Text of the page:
The Preventables and the Deplorables

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Ayn Rand says somewhere that you don’t understand a specific concept or thing until you can state the general class of objects to which it belongs, and you don’t understand a general class until you can identify some of its specific constituents.

She’s right, of course. The problem is that people can, and commonly do, get the specifics in the wrong classes.

We all know Democrats who meet a Republican and immediately put him or her in the class of Bigots and Dumb Asses. And we all know Republicans who meet a Democrat and immediately put this nice, unoffending person in the class of Destroyers of the Republic. When Democrats or Republicans encounter a libertarian, you can see it going on, right behind their eyeballs — the classification process effortlessly identifying “nice young person” as “good example of the Naïve and Feckless Class.”

Whatever the gunman’s motives, it is difficult to see any way of preventing this kind of thing from happening again, except by holding all public events in a bank vault.

This way of thinking can damage the thinker, as it did when Hillary Clinton naively and fecklessly put many of her potential voters in the “basket of deplorables.” More often, it damages society at large.

We live in a time and place when a vast range of specific problems are automatically put in the class of Things that Can Be Prevented, which is considered equivalent to the class of Things that Should Be Prevented, No Matter What.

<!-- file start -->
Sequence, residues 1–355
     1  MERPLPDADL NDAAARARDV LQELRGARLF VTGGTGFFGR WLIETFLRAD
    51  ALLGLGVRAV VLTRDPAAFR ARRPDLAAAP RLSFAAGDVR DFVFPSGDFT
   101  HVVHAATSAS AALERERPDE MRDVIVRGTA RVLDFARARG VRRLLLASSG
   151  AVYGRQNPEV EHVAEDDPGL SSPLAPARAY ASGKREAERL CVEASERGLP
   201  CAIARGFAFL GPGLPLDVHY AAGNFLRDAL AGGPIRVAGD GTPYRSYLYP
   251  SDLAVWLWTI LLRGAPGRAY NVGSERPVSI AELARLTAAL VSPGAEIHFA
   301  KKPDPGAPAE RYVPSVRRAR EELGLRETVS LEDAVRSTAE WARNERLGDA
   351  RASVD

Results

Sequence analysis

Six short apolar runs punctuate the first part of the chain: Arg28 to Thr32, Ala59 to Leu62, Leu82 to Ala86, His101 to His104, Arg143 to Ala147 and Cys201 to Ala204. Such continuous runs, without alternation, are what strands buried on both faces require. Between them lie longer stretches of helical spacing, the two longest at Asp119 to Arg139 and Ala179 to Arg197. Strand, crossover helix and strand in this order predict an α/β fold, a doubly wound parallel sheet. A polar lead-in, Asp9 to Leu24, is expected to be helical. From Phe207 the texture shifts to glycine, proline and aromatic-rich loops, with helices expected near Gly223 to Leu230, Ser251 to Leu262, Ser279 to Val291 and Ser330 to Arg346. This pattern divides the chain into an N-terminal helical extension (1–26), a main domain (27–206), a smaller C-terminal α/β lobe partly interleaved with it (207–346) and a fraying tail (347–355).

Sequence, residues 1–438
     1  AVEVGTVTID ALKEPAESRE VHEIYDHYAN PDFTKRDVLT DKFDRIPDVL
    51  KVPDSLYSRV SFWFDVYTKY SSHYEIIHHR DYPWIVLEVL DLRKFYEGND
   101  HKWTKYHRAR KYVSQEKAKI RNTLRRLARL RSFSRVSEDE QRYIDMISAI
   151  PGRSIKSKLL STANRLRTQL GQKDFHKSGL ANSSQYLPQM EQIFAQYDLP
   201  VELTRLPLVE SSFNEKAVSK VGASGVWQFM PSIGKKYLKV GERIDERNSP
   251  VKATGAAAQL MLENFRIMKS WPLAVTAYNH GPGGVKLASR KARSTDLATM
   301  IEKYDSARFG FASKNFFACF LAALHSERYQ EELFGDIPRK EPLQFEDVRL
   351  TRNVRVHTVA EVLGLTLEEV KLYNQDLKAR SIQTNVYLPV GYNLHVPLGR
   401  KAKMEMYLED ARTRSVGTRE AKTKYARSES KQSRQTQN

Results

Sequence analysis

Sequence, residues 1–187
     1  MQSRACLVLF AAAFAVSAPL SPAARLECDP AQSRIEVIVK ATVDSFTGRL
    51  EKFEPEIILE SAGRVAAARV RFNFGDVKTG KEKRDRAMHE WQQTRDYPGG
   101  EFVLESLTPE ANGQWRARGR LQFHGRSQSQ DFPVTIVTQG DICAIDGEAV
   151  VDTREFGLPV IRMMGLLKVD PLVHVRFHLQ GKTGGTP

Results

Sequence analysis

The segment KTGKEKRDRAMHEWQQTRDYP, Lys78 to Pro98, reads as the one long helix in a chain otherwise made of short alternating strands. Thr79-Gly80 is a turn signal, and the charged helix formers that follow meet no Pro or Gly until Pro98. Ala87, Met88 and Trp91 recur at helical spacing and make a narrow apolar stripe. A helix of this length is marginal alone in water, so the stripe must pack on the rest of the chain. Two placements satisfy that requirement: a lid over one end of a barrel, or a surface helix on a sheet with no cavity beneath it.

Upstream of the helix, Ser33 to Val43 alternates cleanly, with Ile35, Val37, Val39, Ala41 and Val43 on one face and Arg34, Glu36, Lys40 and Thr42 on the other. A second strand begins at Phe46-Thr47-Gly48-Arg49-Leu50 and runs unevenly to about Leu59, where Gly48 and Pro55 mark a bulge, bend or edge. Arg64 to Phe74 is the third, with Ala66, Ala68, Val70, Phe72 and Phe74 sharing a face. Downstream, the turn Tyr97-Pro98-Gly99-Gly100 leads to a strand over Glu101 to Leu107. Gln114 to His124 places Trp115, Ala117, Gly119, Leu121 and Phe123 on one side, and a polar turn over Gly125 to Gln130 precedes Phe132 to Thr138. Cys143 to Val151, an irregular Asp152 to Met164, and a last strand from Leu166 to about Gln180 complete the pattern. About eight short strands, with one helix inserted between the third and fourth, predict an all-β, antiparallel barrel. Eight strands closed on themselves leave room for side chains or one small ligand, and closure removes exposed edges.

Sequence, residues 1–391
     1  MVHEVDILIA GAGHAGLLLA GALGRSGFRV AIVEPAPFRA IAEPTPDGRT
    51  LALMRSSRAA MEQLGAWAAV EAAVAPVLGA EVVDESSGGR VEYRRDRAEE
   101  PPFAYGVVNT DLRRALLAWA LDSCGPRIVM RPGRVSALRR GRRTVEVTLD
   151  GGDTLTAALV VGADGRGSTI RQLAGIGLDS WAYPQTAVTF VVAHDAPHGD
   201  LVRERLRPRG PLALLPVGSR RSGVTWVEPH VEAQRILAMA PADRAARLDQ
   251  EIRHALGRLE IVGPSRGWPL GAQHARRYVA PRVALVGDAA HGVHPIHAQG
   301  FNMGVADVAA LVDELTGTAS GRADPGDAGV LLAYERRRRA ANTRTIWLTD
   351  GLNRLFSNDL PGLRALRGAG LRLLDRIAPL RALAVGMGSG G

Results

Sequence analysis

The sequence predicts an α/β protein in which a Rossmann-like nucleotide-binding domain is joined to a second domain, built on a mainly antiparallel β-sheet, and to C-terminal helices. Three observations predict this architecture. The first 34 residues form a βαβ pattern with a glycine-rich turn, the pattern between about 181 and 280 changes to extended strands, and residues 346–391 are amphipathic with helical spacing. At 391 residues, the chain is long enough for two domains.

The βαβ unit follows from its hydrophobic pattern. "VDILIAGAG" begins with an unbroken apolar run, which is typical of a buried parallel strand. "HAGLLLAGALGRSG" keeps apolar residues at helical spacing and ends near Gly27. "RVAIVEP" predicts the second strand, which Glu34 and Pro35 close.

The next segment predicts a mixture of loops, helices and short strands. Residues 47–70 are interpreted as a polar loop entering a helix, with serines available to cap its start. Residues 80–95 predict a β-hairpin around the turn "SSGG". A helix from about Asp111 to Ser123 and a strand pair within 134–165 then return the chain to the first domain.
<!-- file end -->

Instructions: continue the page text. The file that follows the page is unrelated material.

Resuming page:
The latest example is the horrible massacre at Las Vegas. Whatever the gunman’s motives, it is difficult to see any way of preventing this kind of thing from happening again, except by holding all public events in a bank vault. But before the victims’ blood could be wiped from the streets, talk turned to the question of how to, in effect, construct the bank vault.

I hope that means of putting cancer, insanity, and sheer stupidity in the Can Be Prevented category will ultimately be discovered, but they haven’t been discovered yet. And before you discover a means of prevention, your attempts at prevention are bound to be both feckless and destructive. In fact, if we keep going in this way, we will soon be unable to think, because the only classes of concepts we will have in our brains will be (A) The Preventables and (B) The Deplorables who “refuse” to prevent them.




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